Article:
A new wireless technology that uses light to create an internet connection is supposed to be 100 times faster than regular Wi-Fi.
Li-Fi uses visible light communication, or VLC, to transmit data at speeds of 224 gigabytes a second, an Estonian tech firm called Velmenni is claiming. Li-Fi was just tested outside the lab for the first time and it moved data at one gigabyte a second; or 100 times faster than regular Wi-Fi, Physics-Astronomy reported.
That speed would enable a person to download 18 movies per second, according to IB Times UK. It uses visible light that clicks on and off through an LED light. The technology tested outside the lab would enable a person to download a high-definition movie in a few seconds, IB Times UK reported.
Li-Fi as a Payment Solution
Interestingly enough Li-Fi might be far more secure than regular Wi-Fi because it cannot pass through walls. That would make it useful for financial transactions and for payment technologies like Apple Pay.
Major US retailers like Walmart are refusing to take Apple Pay because the signals can be intercepted by hackers. Walmart (NYSE: WMT) has unveiled its own payment solution Walmart Pay that uses an optical technology called Quick Read Code that has to be directly scanned by a register.
One potential use for Li-Fi would be vending machines. Perhaps a machine that sells videos or games that would be downloaded directly to a phone or tablet via Li-Fi. Another would be for a next-generation ATM that would allow people to get cash with their phones. There is also the potential to create readers for toll booths so drivers would be able to pay with an App without stopping.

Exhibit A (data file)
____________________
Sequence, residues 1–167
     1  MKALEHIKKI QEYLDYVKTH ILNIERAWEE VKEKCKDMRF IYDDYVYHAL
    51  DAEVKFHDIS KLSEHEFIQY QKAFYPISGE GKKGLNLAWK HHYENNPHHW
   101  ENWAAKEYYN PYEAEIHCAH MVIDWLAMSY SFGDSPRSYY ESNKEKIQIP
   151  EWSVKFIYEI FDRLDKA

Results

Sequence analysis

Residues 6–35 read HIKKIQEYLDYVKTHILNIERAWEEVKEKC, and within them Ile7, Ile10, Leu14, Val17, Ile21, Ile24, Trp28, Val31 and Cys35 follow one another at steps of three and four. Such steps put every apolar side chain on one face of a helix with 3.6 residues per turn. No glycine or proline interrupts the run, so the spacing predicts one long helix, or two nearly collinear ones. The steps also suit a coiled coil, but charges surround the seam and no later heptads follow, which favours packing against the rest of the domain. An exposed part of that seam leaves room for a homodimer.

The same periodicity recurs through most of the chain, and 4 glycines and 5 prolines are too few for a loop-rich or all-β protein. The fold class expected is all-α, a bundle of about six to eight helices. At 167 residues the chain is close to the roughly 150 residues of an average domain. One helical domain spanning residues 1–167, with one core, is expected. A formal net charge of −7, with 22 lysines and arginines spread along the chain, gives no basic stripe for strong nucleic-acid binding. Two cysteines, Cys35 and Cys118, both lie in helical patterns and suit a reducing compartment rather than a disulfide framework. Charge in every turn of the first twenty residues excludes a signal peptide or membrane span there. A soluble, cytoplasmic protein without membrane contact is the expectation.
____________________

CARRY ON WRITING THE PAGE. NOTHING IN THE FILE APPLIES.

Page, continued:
My guess is that big banks; such as JPMorgan Chase (NYSE: JPM), and companies like Apple (NASDAQ: AAPL) and Alphabet (NASDAQ: GOOG), which offers Android Pay will jump on Li-Fi if it works. That will undoubtedly make Velmenni a very valuable unicorn and an obvious acquisition target for big tech companies like Alphabet (NASDAQ: GOOGL) or Apple.
The Internet in a Light Bulb
Beyond payment other uses for Li-Fi will be robots, the military (for wireless connections the enemy cannot hack), and secure office networks. Velmenni is already testing such a network at an office in its Tallin, Estonia.
Strangely enough Velmenni CEO Deepak Solanki, thinks it might be possible to transmit Li-Fi data through light fixtures. That might make it cheaper to use than traditional Wi-Fi or broadband.
Li-Fi was invented by Professor Harald Haas from the University of Edinburgh in Scotland. Haas thinks that it would be possible to transmit Li-Fi through almost any light fixture.
"All we need to do is fit a small microchip to every potential illumination device and this would then combine two basic functionalities: illumination and wireless data transmission," Haas said. "In the future we will not only have 14 billion light bulbs, we may have 14 billion Li-Fis deployed worldwide for a cleaner, greener and even brighter future."
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